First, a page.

|GasTank has long been unavailable in any format for years. Includes many great guests.
Format: CD / Cat No: MFGZ020DVD / Released: 03/03/2017
More information: The year is 1982. Popular music has gone through several tumultuous years, an understatement for artists of the time. Classic and progressive rock musicians are at that moment reimaging themselves, their sound, and their stagecraft, in light of new influences, and the tremendous impact of music videos via the juggernaut called MTV. Punk has come and mostly gone, but continues to influence a host of bands, all plying slightly different musical territory, be it goth, ska, “new wave” dance or one of any number of increasingly eclectic musical styles.
The most able and successful bands of the 1970s are weathering the storm, making changes to their style and stagecraft and often their lineup. Genesis for example was then approaching mega-stardom with Phil Collins at the helm. Yes in particular were continuing to change at least one member with nearly every new release. Wakeman himself is exploring new styles and approaches to his solo work, having struck gold in the 1970s with such epic releases as The Six Wives of Henry The Eighth and Journey to the Center of the Earth he ended the decade with the more varied releases Criminal Record and Rhapsodies. It’s fair to say that in the early 1980’s Wakeman was in search of a new direction. He recorded a soundtrack for cult favorite The Burning, and the well-received 1984.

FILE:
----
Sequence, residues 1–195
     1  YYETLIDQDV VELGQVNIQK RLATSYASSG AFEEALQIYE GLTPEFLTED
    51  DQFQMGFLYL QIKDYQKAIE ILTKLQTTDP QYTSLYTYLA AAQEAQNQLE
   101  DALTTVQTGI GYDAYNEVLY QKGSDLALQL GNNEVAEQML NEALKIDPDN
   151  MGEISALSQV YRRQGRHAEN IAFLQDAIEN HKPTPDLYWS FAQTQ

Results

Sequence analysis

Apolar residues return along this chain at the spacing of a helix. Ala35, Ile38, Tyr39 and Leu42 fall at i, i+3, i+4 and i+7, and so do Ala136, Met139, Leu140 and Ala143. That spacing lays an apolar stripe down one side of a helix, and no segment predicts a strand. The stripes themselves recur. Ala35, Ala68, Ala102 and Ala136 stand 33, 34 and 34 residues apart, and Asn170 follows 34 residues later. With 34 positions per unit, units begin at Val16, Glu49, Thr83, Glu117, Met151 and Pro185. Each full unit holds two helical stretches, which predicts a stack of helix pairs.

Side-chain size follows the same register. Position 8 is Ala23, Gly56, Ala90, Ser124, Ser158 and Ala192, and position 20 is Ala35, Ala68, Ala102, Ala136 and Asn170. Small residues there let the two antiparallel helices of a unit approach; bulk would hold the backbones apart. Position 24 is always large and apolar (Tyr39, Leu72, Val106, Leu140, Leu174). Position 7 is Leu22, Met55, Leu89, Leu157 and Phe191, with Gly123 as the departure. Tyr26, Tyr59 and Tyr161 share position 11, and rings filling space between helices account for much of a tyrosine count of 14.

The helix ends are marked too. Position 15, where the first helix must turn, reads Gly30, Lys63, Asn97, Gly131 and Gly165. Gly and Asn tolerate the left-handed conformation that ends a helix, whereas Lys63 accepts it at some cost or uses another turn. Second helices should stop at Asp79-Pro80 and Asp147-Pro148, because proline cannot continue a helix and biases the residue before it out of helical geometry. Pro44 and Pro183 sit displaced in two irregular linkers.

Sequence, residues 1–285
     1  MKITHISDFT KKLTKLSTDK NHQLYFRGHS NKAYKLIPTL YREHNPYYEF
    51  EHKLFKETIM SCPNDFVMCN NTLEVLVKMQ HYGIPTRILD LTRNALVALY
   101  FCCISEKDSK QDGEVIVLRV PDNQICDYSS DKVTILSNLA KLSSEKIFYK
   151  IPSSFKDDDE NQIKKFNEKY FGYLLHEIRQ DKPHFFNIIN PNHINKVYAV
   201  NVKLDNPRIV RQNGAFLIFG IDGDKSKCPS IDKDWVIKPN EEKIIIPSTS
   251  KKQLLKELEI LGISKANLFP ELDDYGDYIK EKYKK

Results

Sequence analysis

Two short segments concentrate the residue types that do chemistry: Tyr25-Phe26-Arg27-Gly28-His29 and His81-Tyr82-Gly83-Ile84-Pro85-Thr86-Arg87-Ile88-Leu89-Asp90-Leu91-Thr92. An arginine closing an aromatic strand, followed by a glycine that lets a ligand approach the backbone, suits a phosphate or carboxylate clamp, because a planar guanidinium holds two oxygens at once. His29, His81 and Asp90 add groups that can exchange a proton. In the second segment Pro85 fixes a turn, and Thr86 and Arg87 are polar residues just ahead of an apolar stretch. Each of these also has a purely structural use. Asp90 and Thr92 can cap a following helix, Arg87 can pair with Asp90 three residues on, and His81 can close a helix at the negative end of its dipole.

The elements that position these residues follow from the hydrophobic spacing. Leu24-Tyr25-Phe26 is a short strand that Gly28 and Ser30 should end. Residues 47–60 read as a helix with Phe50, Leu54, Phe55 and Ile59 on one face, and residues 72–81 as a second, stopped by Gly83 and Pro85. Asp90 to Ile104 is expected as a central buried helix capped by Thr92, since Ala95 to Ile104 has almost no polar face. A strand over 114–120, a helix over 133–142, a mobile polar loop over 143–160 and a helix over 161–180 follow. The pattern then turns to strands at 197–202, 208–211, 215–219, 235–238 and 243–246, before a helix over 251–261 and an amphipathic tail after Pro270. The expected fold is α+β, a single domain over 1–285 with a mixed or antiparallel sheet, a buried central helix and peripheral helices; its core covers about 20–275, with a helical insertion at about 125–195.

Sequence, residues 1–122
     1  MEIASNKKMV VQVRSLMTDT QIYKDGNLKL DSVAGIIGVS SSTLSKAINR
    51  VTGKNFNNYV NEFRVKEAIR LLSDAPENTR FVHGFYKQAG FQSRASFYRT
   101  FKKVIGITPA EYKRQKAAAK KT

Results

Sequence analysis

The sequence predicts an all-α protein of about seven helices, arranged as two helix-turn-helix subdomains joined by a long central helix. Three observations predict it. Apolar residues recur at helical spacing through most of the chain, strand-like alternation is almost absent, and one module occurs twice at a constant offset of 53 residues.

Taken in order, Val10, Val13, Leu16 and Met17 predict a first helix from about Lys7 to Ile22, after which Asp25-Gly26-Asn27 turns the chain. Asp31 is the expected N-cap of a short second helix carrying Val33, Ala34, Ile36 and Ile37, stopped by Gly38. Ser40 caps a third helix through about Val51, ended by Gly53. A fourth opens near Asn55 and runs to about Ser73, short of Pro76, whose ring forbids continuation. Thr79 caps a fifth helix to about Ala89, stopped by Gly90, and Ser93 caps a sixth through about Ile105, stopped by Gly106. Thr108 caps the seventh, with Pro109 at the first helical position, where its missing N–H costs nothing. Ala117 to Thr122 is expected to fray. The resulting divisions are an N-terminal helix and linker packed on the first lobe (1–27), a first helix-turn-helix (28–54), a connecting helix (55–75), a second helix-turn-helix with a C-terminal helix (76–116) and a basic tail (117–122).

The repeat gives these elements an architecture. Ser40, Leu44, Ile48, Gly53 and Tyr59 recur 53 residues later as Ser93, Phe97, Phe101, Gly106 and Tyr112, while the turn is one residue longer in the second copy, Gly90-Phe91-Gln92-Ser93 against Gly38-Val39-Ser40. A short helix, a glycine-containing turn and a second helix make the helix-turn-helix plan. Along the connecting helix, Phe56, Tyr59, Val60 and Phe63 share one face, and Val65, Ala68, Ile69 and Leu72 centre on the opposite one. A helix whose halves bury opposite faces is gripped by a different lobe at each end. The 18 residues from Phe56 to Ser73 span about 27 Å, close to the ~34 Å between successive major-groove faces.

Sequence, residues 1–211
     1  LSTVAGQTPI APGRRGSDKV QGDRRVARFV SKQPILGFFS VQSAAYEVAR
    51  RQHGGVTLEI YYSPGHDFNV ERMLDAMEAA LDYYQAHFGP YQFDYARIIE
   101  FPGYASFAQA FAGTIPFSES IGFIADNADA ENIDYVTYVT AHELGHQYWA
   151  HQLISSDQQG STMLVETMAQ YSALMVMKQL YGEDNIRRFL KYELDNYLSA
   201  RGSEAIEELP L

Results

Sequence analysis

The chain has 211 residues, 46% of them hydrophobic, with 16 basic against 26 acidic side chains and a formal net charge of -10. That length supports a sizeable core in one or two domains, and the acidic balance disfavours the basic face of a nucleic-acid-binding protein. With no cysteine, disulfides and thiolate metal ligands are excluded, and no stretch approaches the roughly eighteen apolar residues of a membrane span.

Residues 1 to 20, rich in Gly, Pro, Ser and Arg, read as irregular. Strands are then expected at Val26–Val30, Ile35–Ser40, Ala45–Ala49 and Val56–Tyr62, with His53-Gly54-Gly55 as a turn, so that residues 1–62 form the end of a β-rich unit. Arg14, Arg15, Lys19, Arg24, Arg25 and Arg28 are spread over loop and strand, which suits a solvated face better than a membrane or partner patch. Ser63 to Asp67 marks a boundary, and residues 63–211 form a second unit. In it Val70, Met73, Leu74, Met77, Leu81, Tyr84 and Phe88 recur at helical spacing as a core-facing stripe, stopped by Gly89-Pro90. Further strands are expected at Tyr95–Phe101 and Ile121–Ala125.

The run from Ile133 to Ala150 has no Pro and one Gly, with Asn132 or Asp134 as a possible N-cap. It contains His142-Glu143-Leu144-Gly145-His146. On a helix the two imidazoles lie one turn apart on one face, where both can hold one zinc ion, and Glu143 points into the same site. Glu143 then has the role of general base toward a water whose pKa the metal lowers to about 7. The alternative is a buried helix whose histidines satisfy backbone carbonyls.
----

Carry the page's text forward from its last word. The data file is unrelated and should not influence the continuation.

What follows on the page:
Rick Wakeman joined partner Tony Ashton, establishing a new television show called GasTank. Produced by Paul Knight with associate Ralph Tobert, Directed by Gerry Mill and recorded in a pub setting with stage and small studio audience, the show aired in the U.K. on channel 4 in 1982-1983. It featured Wakeman interviewing a host of musical artists as diverse as Steve Hackett, Ian Paice, Andy Fairweather Low, John Entwistle, Eric Burdon, and Godley and Crème, then joining these musicians for a few live numbers with stalwart co-host Tony Ashton and friends.
The show was beloved by fans of rock and prog music who had the chance to see some well established rock ‘n’ roll heroes, along with a few overlooked artists of the era, play classic and new songs live in an intimate setting.
As an example, GasTank #1 kicks off with a couple of pieces by Ashton and Wakeman, then features friends Rick Parfitt from Status Quo, a reggae band The Cimarons, then legends Alvin Lee and Eric Burdon. Ashton brings a sense of humor, honky tonk bar-band blues piano and gritty vocals to his featured songs. Wakeman is, well, the man and musician we’ve come to know over so many years in the business – funny, disarming even, and as always brilliant on the keys. The house band includes long time Wakeman drummer Tony Fernandez with Chas Cronk and Jerome Rimson on bass. The rest of the crew play their parts whether an original tune from their catalog, or a suitable cover, such as when Eric Burdon introduces a long time Elvis Presley favorite. It’s intimate and thoroughly enjoyable for any fan or interested viewer.
GasTank has long been unavailable in any format for years.